Bayern Munich, the runway champions of Germany, certainly had every reason to carry truckloads of military grade confidence into Spain.
Even so, the boldness by which Jupp Heynckes’ bunch attacked their task Wednesday, by attacking the suddenly shrunken Catalan giants without so much as a Spanish sardine tin full of awe, was still quite impressive.
From the opening kick in the Nou Camp night, Bayern pressed high, and effectively so. Barcelona’s heroes weren’t afforded a moment on the ball anywhere around the massive ground, not even near their own penalty area. It was unafraid and professional, serving to eventually finish off Barca with a warrior’s scream.
Borussia Dortmund, a bountiful bundle of youthful TNT, is certainly a deserving fellow Champions League finalist. But the younger and lesser accomplished of our Champions League finishers killed off Real Madrid yesterday on the back foot, with a far-less-impressive sigh of relief.
By being the aggressors early Wednesday, Bayern Munich prevented Barca from leaning into the attack the way a four-goal deficit demanded.
Bayern’s audacious approach was all such a wonderful contrast to the way Chelsea eliminated Barcelona last year, situated in a far less appealing defensive crouch. That was the same way AC Milan gave Barca so much trouble two Champions League rounds back, before Leo Messi dashed to the Nou Camp rescue.
We cannot argue the effectiveness of the “Barca rules” gambit; Chelsea prevailed in 2012, after all, and Milan very nearly made it work six weeks ago. But I always wince when high-dollar, highly talented clubs elect to go the meek, defensively dug-in route. It just doesn’t feel right.
It certainly did not seem right Wednesday for the Bundesliga swells, who refused to allow Andres Iniesta and Xavi to find those familiar hypnotic rhythms.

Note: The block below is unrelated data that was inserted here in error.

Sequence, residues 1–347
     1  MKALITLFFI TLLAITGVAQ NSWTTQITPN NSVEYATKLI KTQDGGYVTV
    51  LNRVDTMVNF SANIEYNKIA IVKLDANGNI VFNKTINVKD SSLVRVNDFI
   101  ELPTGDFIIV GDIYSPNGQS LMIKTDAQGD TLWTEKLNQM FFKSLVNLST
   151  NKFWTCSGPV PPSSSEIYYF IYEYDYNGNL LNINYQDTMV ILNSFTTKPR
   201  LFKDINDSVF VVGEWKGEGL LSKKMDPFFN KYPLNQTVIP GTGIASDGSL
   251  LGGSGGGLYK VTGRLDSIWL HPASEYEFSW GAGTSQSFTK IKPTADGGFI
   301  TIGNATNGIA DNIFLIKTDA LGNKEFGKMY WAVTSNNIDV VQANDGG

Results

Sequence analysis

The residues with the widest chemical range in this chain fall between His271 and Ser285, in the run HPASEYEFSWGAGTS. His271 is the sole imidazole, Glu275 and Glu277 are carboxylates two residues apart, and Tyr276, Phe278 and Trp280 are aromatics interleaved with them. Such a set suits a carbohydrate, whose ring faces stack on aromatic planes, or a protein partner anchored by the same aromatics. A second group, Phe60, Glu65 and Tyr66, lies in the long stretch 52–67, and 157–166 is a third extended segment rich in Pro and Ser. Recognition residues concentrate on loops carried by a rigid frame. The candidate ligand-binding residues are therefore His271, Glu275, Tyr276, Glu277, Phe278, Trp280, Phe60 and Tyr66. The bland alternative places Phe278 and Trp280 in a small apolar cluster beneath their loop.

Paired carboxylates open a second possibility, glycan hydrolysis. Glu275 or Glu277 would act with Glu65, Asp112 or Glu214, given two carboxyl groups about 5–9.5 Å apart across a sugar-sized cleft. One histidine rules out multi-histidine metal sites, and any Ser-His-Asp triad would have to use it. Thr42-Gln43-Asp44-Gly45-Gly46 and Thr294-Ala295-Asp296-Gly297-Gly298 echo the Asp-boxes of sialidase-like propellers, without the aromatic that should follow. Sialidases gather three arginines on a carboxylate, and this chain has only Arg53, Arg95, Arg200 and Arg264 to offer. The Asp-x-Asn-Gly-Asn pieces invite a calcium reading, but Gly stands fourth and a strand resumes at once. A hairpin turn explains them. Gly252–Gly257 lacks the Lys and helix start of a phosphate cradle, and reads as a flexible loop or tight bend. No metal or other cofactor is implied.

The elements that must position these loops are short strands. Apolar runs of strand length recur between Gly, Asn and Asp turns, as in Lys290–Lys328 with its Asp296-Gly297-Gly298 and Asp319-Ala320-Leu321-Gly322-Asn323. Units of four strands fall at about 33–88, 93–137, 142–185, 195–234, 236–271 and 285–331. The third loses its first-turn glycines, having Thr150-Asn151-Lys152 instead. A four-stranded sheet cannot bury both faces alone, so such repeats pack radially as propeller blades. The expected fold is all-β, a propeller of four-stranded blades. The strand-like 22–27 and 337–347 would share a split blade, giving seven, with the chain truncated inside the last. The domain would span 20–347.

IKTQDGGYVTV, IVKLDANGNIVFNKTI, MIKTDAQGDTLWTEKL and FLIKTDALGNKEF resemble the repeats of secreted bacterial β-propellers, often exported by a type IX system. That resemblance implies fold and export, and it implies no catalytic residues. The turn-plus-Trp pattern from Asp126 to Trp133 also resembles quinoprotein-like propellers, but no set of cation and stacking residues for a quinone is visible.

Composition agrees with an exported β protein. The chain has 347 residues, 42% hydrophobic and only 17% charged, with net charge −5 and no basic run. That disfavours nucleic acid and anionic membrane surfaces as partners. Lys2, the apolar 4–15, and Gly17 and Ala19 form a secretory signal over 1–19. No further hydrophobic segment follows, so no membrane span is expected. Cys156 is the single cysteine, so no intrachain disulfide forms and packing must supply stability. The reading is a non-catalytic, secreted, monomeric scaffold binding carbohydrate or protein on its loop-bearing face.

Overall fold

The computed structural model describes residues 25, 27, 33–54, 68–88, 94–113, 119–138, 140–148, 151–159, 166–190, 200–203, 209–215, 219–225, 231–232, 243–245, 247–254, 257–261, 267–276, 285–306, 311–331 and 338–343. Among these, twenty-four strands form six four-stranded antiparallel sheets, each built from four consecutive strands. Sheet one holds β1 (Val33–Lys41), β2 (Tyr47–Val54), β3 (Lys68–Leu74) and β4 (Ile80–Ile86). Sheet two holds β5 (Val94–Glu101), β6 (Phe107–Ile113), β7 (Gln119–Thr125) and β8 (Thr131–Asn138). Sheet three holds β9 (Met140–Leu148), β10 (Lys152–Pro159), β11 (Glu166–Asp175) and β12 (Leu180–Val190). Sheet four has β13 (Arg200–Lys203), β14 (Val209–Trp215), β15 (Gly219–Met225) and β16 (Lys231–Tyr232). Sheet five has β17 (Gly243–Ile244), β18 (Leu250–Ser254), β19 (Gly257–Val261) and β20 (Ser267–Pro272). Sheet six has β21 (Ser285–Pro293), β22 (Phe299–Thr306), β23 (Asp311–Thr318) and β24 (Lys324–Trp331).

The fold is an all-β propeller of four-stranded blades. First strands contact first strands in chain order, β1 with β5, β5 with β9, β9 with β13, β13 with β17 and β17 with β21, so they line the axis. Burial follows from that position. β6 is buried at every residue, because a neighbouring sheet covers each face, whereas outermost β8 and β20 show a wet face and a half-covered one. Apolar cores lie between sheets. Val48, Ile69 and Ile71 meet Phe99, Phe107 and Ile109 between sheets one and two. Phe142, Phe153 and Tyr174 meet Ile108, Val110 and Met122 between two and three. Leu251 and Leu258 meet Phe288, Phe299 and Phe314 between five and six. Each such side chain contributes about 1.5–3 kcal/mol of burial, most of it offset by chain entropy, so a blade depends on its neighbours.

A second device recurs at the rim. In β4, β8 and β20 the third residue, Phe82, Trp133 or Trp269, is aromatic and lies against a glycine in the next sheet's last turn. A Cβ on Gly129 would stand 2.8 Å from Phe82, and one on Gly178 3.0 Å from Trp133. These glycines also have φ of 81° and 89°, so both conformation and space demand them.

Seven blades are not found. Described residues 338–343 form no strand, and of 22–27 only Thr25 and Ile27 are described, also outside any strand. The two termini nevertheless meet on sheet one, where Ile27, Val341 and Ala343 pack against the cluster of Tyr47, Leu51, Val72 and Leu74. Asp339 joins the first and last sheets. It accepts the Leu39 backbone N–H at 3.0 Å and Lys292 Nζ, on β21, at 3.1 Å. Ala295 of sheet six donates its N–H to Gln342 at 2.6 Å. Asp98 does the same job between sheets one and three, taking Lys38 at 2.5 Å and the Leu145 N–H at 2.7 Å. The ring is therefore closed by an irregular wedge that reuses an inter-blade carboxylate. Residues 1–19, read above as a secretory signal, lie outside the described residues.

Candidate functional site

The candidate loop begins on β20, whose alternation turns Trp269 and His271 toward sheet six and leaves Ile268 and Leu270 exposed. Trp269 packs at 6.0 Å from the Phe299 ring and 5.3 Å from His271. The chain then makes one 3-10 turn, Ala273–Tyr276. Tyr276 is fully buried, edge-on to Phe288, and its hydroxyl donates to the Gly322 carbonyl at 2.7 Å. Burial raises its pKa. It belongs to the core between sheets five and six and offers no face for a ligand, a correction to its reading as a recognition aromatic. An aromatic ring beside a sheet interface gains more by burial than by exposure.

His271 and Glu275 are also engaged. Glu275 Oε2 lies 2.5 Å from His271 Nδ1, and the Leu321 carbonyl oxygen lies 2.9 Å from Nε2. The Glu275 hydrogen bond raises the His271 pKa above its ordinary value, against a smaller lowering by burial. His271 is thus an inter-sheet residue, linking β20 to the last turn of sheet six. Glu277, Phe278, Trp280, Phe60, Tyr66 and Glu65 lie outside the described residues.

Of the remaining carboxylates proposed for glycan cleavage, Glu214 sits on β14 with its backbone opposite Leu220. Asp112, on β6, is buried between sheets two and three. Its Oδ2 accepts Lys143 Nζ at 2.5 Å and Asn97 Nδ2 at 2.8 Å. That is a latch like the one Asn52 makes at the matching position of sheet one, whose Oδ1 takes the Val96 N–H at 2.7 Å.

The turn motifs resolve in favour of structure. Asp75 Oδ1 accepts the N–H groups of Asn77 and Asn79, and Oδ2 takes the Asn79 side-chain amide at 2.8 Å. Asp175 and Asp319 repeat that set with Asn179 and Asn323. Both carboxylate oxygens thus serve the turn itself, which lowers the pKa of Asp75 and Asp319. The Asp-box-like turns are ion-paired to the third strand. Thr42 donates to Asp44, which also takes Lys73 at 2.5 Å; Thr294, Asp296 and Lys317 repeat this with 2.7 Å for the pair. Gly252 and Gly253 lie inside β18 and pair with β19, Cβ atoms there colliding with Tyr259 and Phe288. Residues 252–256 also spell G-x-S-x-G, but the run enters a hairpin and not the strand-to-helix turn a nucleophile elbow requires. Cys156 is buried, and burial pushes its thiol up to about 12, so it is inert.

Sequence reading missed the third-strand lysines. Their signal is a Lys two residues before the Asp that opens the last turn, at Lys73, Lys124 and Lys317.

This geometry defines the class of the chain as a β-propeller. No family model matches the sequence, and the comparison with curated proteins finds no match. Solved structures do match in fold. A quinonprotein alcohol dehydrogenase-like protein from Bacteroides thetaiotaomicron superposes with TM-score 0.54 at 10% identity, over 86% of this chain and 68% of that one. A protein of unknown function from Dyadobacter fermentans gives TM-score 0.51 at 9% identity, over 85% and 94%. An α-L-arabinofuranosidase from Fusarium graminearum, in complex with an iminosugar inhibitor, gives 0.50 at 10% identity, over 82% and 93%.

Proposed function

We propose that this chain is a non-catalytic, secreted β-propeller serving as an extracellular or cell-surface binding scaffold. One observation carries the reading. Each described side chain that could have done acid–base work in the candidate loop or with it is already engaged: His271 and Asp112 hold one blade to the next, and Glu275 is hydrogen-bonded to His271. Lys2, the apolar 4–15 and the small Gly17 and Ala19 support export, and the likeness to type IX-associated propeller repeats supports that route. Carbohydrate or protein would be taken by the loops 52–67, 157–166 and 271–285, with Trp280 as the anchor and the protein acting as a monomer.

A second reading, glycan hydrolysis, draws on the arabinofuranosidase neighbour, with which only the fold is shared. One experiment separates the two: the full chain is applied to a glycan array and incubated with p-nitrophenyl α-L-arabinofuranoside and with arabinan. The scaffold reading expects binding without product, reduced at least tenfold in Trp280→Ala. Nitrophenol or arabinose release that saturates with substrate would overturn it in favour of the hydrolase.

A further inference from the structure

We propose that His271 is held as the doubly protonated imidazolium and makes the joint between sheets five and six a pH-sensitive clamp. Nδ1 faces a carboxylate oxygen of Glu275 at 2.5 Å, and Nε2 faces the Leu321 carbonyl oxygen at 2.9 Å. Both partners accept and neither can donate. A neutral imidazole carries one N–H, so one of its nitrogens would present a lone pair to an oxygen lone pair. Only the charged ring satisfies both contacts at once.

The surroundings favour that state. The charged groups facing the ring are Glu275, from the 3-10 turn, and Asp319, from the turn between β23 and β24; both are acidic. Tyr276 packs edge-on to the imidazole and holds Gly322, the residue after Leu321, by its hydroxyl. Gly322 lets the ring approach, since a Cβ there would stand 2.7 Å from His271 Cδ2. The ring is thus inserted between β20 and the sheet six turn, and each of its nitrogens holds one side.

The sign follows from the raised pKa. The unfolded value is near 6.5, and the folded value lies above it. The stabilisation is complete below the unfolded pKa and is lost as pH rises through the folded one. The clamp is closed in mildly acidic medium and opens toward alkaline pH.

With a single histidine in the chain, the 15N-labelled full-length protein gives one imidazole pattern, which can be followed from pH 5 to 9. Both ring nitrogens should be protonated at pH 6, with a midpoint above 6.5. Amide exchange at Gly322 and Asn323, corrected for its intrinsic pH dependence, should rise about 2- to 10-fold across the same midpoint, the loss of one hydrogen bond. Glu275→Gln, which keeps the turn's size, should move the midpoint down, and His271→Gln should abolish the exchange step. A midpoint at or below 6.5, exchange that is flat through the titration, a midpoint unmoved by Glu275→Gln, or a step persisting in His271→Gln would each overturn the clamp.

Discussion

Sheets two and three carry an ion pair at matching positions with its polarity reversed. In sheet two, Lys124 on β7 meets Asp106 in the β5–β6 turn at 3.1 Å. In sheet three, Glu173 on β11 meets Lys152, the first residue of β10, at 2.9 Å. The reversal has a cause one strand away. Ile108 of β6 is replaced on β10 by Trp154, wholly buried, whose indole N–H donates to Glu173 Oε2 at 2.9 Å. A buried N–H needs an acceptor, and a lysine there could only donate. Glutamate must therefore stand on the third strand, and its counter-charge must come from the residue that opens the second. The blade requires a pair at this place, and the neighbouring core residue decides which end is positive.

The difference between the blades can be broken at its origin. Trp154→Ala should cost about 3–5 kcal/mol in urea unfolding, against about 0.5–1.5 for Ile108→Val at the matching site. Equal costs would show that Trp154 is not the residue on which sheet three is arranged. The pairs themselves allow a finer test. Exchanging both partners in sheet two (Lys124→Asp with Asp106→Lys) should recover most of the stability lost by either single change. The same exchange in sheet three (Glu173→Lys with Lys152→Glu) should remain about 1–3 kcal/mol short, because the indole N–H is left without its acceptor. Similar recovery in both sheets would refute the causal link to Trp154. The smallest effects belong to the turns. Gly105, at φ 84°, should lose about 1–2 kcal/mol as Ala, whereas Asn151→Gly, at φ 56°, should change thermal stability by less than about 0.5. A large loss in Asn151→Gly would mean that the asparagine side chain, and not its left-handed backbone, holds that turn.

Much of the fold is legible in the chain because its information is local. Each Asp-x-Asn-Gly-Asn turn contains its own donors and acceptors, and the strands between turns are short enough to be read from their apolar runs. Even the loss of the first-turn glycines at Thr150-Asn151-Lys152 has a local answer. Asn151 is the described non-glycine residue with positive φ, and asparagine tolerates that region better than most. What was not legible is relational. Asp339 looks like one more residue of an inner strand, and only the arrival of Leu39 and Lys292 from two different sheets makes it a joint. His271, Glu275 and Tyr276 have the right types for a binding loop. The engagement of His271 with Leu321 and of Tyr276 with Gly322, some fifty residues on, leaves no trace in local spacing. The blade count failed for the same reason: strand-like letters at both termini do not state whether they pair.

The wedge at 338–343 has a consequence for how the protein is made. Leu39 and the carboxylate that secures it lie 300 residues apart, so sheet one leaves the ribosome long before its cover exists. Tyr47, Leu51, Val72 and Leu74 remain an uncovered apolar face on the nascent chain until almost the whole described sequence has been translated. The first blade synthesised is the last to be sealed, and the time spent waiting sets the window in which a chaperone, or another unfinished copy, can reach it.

The visitors’ fearless tactics didn’t just serve to keep the Catalan’s out of that signature tiki-taka – Barca never even got to the “tiki,” much less the “tiki-taka” – the Bavarians even created the better early chances. Arjen Robben charged in behind Barca’s high line and nearly ended matters (effectively so, at least) in the 12th minute.
That was on a pass from Bastian Schweinsteiger. It was Schweinsteiger playing creator once again a few minutes later, electing not to shoot from a declining angle but leaving a ball for the rampaging, trailing Philipp Lahm.
Clearly, Bayern could be braver in its approach with the peerless Messi stuck Barca’s bench. But it’s hard to see Heynckes altering his tactics either way. Indeed, Heynckes may have been as surprised as anyone to see Messi unnamed to the Catalans’ starting 11.
Barca eventually dragged the visitors a little closer to their own goal, but they escaped the first 45 unscathed, and if a 4-0 deficit looked daunting over 90 minutes, then heading into the breach with just 45 minutes to close the gap surely looked impossible.
If it wasn’t then, it was five minutes after intermission.
Bayern Munich executed superbly over two legs – but just as impressive was the way they boldly leaned into the effort, undaunted in pressing a club that once looked unable to be pressed.